LRB Arms M14SA & Poly technology M14/S offer re-built semi "auto receiver" Sporter conversions.

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Quote:
Springfield Armory M1A Features
Springfield's M1A is offered in a number of variations, from the basic GI style rifle to the Super Match. Each is meant for a specific purpose, and for a specific budget.

The most immediately noticeable difference between the models is the stocks. The National Match has a heavy walnut stock that's a deep reddish-brown color. The weight of the stock makes it more appropriate for match shooting than for carrying in the field. The camouflage synthetic stock is light weight but sturdy, lending itself to carry in the woods and field. The black synthetic stock is strong and light weight as well and, like the camouflage stock, is less expensive than the wood-stocked models

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The walnut stock found on the standard M1A models is as close as you can get to a real M14. It makes the rifle weigh almost a pound less than the national match stock, but still helps deliver outstanding performance.

M1A Receiver
The first time you pick up an M1A, you'll be struck by its weight. For those who are used to handling rifles with forged or stamped receivers, the M1A comes as almost a shock. It has a receiver that's investment cast steel. Tolerances between the receiver, bolt, activation rod, and other parts is tight, which is one reason for the M1A's superb accuracy. It's a rifle that will last for decades, and go tens of thousands of rounds without showing signs of wear.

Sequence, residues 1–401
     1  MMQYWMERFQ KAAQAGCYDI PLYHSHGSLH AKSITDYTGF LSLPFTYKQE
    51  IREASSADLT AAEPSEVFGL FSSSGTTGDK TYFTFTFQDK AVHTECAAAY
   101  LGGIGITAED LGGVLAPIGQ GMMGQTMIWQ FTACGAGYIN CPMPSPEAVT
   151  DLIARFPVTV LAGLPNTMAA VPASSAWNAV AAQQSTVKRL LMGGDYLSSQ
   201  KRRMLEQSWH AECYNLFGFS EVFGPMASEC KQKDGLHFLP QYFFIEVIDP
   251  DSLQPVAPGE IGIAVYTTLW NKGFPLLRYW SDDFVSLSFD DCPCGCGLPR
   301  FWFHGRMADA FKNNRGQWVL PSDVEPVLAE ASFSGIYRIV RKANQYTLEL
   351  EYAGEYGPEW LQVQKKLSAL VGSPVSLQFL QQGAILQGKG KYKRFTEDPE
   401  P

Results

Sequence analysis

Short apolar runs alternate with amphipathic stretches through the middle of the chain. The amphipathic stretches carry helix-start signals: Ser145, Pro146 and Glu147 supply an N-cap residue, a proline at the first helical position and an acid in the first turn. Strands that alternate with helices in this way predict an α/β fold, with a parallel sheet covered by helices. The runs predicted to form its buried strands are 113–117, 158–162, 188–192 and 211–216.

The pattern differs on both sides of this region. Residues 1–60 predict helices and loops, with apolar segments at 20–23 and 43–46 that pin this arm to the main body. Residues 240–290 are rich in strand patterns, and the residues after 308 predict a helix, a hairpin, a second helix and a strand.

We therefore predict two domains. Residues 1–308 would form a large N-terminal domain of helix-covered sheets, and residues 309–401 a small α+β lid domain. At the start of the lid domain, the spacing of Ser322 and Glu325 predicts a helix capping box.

M1A Sights
Springfield Armory's M1A rifles come with a front post sight with "ears" to protect it, and a rear aperture sight. The rear sight is adjustable for windage and elevation via knobs on the left and right sides of the sight. The standard rear sight has one MOA ("Minute Of Angle") adjustments. The National Match rear sight has 1/2 MOA adjustments, and is built to tighter specifications for increased accuracy. The National Match rear sight also has a hood to protect the aperture and shield it from light reflections.

Barrels
Springfield Armory makes a number of different barrels for the M1A. The National Match M1A uses an air-gauged 22" stainless steel or parkerized chrome moly steel barrel, giving the rifle a bit more accuracy than the standard model. For the Super Match M1A, Springfield doesn't use their own barrels, but instead uses custom Douglas stainless steel barrels.

The Loaded models use the standard carbon steel or stainless steel barrels, just like the Standard M1A models.

The National Match and Super Match rifles have the barrels glass-bedded in the receiver.